As an athlete, there are inevitable obstacles you will encounter on your path to success. In CaptainU athlete Sydney Fox’s case, she had to learn to be persistent with college coaches who were often too busy to talk to her and to work extremely hard at practice, constantly improving her ball skills, in order to counter balance being smaller in size than a lot of athletes.
“I was quick and skillful, but didn’t have blazing speed. To overcome these obstacles, I played and worked harder than most of my teammates, and actually loved to practice everyday.”
Everyone’s journey is different, but Sydney’s, and her success in taking her game to the next level in college, is one that a lot of athlete’s can relate to.
Sydney Fox, college Sophomore, Soccer forward.
When did you start playing your sport? How did you decide to play your sport as opposed to another?
I started playing soccer at age 5. Seeing my older sister play first made me want to follow in her footsteps. My parents encouraged my sister and I to try other activities such as swimming, dance, volleyball, and track. But in middle school, they told us to choose one activity to focus time and effort on. It was easy for me to pick soccer because of my instant love for the game.
What do you like most about your sport?
A big thing for me was that my whole (extended) family loved the sport. My mom’s siblings all played and my dad learned to love the game from my sister and I playing. I liked the competitive challenge of soccer, it was fun scoring goals, and I liked how my family attended every game and cheered me on. My dad would kick the ball around with me and give me some tips; we enjoyed that a lot, it was “our” time. He always said, “I’ll give you every opportunity to get better as long as you love the game.” He encouraged me always, but never pushed me to play. Our family’s approach was always the “4 F’s”: fun, fitness, friends, and family; and that is what we got from soccer.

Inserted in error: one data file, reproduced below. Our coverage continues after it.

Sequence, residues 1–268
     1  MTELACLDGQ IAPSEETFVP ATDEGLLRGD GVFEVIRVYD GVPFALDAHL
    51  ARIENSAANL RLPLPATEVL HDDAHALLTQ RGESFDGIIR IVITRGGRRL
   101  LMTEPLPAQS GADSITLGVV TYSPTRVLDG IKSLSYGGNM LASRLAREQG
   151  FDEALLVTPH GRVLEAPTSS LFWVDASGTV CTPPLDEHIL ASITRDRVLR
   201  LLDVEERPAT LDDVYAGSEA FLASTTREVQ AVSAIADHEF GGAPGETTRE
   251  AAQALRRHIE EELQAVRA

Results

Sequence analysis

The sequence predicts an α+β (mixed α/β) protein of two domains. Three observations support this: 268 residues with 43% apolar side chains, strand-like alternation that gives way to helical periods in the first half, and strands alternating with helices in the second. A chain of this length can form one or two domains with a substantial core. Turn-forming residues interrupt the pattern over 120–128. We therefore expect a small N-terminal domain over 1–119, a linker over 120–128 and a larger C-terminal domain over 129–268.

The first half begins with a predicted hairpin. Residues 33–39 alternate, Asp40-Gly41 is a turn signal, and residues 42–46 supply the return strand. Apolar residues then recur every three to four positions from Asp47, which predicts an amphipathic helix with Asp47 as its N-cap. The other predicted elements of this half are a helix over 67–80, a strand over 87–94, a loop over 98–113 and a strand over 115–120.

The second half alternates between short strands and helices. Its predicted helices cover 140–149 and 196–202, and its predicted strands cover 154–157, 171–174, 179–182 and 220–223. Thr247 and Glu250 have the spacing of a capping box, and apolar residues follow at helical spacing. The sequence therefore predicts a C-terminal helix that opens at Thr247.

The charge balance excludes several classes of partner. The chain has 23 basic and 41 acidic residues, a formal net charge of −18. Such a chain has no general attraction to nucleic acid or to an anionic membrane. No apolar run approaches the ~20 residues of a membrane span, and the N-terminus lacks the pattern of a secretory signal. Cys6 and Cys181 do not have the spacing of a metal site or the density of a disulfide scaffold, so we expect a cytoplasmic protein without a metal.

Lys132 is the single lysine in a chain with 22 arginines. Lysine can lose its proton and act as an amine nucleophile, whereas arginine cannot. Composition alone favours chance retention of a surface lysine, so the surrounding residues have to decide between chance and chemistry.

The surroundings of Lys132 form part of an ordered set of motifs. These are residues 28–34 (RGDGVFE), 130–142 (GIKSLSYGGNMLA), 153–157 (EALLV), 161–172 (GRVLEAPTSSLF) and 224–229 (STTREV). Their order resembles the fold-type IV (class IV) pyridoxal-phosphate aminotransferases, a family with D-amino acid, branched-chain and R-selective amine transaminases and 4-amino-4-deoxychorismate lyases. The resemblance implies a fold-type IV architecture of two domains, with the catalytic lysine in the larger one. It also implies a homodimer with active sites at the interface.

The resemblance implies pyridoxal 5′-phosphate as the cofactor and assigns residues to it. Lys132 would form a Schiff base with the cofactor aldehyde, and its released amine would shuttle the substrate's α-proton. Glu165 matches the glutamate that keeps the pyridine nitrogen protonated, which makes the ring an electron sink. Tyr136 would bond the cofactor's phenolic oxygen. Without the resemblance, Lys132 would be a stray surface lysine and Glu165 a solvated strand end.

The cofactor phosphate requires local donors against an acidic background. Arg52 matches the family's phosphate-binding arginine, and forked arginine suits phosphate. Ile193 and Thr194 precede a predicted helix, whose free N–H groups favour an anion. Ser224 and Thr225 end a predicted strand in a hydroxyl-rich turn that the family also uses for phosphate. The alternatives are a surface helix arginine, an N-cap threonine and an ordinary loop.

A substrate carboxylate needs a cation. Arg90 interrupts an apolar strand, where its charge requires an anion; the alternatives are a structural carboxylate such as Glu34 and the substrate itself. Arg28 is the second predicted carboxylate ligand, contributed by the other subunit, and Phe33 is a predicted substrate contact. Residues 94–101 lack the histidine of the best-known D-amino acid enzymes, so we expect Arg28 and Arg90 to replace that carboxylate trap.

What are the biggest obstacles in your sport that you’ve overcome? How did you overcome it?
My size was an issue early on; most coaches seemed to favor bigger players. I was quick and skillful, but didn’t have blazing speed. To overcome these obstacles, I played and worked harder than most of my teammates, and actually loved to practice everyday. When soccer became my one sport, dad found a coach to give me private lessons on ball skills; and that set me far apart from my other teammates to this day. I learned that if you love something and want to be good at it, you’re more willing to put in the time to get better.